We began the session with discussing their home assignment from which they were to give their thoughts on a statement that one of the students had made in the previous class—‘States usually do not support genocide’. Most students agreed that states do not actively support a genocide. However, many of them pointed out that there have been times when states did not assume an active role in preventing a genocide, which it could and should have.
cccIn the next segment, we showed them a clip from the Anne Frank video diary titled Hatred of the Jews. The screening was followed by putting forward the following questions—What are some of the instances of discrimination shown in the clip? This was a fairly straightforward question which drew a range of responses. Next, we asked: What would drive a child to say that she does not want to go back to her home country? The students responded to this saying that Anne could not reconcile with the fact that the country which she had believed to be her own since her earliest days had turned its back on them and made them feel threatened and unwanted. Then, drawing from a line in the clip, we asked them—’In fact, after the war I want to be both Dutch and Jewish’. Why does she say this? The response to this was largely that she wanted to be accepted on equal grounds as a Dutch, without any discrimination on the grounds of her identity of a Jew, both of which were intrinsic elements in how she saw herself. The final question in this segment was drawn from the clip where Anne says—’There have been more and more antisemitic comments. Even from people you’d never expect it from. From open, friendly, good people.’ What is the significance of this statement? Here, the students discussed how the hatred from people she would otherwise talk and spend her time with in her day to day life was what shook Anne the worst, particularly with reference to the bit where Anne says that she does not understand why the people of Netherlands who are known for their open minded and accepting nature have turned so hostile to the most marginalized Jews instead of welcoming them into their country. This is what perplexes Anne the most.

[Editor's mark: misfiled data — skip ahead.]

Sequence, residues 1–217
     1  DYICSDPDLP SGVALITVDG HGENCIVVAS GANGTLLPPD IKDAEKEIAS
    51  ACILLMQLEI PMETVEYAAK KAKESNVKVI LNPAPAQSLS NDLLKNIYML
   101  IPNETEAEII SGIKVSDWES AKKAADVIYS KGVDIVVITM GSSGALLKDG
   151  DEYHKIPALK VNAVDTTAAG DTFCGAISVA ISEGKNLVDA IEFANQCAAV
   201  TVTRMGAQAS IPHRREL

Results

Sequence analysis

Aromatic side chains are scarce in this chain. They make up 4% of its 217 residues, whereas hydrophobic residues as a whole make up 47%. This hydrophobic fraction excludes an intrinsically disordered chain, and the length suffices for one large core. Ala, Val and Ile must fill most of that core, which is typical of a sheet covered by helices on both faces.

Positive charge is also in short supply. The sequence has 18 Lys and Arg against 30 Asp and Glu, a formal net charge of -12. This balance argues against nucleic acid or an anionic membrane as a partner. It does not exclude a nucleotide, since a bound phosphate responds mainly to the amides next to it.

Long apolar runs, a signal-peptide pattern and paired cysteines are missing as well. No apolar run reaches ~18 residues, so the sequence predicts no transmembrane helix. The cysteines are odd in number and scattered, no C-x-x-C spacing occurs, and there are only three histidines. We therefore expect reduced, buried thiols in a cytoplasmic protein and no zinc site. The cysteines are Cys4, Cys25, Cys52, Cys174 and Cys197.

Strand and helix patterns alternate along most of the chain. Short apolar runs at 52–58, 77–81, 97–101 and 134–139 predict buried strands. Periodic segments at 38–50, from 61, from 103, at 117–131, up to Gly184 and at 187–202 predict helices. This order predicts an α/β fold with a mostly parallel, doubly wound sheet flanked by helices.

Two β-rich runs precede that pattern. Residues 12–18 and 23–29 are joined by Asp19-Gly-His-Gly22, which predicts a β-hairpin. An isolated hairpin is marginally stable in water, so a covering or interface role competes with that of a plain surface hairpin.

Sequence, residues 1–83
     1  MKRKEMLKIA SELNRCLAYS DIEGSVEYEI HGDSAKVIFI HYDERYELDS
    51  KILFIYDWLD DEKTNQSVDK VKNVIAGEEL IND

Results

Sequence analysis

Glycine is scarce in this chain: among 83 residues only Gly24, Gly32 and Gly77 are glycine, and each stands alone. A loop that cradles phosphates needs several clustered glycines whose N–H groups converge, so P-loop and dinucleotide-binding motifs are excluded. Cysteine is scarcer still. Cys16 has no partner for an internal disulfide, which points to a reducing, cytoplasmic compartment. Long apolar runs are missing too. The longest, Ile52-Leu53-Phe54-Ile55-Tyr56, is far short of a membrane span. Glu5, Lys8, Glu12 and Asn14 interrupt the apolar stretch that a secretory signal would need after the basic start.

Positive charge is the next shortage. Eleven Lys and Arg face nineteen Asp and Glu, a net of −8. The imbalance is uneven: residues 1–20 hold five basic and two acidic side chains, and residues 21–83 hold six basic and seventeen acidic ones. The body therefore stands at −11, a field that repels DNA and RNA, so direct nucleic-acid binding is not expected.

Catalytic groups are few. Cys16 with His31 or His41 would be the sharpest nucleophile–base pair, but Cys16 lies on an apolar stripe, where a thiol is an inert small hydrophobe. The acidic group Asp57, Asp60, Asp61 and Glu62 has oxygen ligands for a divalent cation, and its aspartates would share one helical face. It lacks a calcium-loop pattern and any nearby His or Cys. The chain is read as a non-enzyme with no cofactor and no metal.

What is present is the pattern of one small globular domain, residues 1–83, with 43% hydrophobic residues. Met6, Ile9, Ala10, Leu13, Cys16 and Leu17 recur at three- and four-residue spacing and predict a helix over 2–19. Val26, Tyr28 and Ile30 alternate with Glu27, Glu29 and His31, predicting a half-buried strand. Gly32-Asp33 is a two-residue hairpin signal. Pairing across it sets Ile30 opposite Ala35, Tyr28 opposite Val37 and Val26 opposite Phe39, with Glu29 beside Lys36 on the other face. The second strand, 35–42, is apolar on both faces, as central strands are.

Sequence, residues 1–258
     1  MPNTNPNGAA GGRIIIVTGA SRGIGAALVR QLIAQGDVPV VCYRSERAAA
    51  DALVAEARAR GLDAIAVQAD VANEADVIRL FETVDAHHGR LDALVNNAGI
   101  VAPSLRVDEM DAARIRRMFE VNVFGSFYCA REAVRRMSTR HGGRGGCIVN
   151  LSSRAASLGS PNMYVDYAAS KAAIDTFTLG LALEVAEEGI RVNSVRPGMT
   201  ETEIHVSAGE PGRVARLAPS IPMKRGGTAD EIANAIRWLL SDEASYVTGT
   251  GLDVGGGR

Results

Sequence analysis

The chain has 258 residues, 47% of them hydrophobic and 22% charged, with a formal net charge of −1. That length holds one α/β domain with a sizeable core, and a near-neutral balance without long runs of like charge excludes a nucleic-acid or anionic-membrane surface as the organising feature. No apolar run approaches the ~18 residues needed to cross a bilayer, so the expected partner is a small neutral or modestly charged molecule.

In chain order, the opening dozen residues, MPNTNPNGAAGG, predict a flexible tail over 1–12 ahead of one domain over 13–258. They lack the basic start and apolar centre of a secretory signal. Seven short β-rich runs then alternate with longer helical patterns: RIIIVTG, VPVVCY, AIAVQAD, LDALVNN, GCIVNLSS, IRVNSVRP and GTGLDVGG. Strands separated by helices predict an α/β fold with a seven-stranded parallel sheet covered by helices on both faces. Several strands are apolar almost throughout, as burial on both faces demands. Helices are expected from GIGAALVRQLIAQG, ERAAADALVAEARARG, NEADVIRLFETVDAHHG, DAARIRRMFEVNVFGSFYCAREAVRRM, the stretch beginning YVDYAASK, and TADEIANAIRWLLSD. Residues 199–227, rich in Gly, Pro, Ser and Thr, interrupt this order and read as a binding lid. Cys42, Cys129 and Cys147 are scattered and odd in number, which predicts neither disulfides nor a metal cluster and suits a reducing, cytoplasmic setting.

cccWe then gave them the Activity drawing from Resource 9 of the Anne Frank Tool Kit that lists a bunch of quotes from Anne’s diary and divided the students into breakout rooms, wherein each breakout room was given one quote to analyse. These are the questions that they discussed through their respective quotes: Why do you think Anne writes this? Is she being discriminated against? How? Drawing from this, describe an instance of discrimination that you have seen around yourself. After having discussed these questions in their groups, they all got back to the larger group and shared their responses as short presentations. This was a valuable exercise because they had spent some time reading and thinking about their respective quotes in their smaller groups. Most of them spoke about how Anne was being subjected to extreme oppression even for the most everyday things that we take for granted today—including going to school, seeing our friends as we wish. An important point that came up here was about the use of public spaces and how space assumes specific social meanings, which one otherwise doesn’t recognize, when we think about how Anne was prohibited from using the public spaces. Finally, the question about instances of discrimination that they have seen around themselves brought out a range of diverse thoughts and issues from gender, body shaming, caste and religion based discrimination to name a few.